Citi Private Bank recently released their findings on the art market and discovered some incredible stats. (1) Contemporary art prices outgained S&P returns by 174% from 1995 to 2020. (2) Over that same period, contemporary art had a lower loss rate than gold. (3) The asset class had virtually no correlation to the stock market, meaning if stocks went down, art wouldn’t necessarily move in lockstep. (4) It’s estimated that more than half of ultra-wealthy investors allocate at least 10% of their portfolio into art. But unless you have $10 million to buy a Picasso yourself, you’ve been locked out of this exclusive asset class. That’s where Masterworks comes in. They allow anyone to add contemporary art to their portfolio with top-tier artists like Basquiat and Banksy. Weekend Briefing readers can get priority access and join their 175K users with my special link (Important disclosures apply). Masterworks (Sponsored)
The Godfather of Influence
Social psychologist Robert Cialdini has been called "The Godfather of Influence." He has earned an international reputation as an expert in the field of persuasion, compliance and negotiation. In other words, Cialdini is a master at understanding human incentives and behavior. Through his research, Cialdini found that influence is based on six cornerstone principles: reciprocity, commitment and consistency, social proof, authority, liking, and scarcity. In 2016, he proposed a seventh principle. He called it "the unity principle," which states that the more we identify ourselves with others, the more we are influenced by those in the group. Check out this great profile on him. The Profile (22 minutes)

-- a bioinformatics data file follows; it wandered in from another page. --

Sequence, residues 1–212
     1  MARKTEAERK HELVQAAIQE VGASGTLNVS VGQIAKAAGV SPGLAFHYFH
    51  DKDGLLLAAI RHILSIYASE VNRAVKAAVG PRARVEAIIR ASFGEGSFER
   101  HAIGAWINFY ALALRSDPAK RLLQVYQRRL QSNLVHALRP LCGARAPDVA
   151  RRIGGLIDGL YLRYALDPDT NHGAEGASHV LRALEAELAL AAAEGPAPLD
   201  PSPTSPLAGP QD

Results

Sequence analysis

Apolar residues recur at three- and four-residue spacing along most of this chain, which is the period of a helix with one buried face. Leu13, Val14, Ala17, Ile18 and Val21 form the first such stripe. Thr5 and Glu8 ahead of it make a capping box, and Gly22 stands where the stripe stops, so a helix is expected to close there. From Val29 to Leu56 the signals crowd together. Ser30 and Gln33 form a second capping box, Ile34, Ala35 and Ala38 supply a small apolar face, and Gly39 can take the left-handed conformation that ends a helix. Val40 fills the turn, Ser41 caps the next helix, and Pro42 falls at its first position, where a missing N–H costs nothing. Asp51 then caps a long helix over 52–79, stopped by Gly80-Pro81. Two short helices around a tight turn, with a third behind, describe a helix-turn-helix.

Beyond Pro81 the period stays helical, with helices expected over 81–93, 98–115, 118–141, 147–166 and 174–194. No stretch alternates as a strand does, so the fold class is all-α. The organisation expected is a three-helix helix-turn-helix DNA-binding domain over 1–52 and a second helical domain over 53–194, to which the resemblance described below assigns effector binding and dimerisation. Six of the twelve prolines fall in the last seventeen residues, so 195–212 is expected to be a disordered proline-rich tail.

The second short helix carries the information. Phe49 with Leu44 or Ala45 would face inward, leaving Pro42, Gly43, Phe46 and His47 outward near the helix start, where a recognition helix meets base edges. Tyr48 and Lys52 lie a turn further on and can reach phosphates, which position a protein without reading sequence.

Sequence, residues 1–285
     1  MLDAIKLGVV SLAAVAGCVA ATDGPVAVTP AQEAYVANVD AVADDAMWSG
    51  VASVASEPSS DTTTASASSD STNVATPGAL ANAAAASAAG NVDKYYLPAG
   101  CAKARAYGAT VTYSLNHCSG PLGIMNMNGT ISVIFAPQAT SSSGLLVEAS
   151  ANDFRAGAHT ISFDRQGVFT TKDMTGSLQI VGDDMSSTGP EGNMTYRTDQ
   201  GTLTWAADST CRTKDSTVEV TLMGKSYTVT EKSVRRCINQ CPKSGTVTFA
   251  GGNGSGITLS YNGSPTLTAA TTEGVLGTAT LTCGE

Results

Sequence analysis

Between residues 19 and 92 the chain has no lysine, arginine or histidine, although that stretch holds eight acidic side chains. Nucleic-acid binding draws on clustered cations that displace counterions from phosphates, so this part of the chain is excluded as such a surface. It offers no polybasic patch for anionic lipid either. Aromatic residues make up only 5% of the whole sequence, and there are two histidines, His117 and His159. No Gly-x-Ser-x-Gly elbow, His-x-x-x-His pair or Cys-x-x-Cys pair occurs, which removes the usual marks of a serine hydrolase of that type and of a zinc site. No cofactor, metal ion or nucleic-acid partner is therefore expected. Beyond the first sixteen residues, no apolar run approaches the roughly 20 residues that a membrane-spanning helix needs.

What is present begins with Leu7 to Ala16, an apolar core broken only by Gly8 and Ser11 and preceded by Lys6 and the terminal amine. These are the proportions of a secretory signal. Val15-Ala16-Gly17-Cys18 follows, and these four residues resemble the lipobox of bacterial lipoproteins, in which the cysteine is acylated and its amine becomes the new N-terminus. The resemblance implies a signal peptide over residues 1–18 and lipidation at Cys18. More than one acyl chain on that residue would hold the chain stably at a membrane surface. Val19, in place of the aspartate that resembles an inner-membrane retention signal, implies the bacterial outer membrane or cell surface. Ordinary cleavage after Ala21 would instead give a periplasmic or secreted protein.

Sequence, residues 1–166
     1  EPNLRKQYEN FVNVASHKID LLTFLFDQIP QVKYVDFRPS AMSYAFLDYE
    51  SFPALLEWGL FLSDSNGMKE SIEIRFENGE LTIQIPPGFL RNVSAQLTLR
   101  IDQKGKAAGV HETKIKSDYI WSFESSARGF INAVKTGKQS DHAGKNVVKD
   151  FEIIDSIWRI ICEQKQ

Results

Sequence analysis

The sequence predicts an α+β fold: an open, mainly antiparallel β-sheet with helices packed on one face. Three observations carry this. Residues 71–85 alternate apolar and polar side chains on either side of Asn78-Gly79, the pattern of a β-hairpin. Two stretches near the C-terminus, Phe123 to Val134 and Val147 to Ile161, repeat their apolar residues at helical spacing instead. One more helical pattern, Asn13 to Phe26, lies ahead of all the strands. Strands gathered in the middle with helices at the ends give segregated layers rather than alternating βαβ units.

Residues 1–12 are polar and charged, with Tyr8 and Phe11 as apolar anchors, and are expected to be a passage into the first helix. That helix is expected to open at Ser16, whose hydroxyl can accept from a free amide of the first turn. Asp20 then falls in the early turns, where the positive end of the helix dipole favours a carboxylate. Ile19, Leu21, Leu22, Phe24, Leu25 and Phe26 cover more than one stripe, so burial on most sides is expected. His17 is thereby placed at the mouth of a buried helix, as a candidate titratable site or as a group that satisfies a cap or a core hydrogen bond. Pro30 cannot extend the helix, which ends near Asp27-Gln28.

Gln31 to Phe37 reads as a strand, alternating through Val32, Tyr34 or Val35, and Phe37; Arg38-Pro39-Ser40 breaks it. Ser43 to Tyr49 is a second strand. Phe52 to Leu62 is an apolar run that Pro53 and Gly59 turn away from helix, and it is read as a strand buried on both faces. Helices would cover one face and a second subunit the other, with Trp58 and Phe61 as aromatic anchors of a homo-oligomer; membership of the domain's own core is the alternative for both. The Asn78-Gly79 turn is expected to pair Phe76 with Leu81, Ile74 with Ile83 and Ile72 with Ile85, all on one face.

A first-of-its-kind longitudinal study of infant curiosity found that months-old babies most captivated by magic tricks became the most curious toddlers, suggesting a pre-verbal baby's level of interest in surprising aspects of the world remains constant over time and could predict their future cognitive ability. "Something about a baby's curiosity about magic tricks is predicting how curious they become as preschoolers," said Lisa Feigenson, co-director of the Johns Hopkins University Laboratory for Child Development. "What the data suggests is that some three-year-olds have a leg up or seem particularly well-positioned to learn a lot about the world." Johns Hopkins (6 minutes)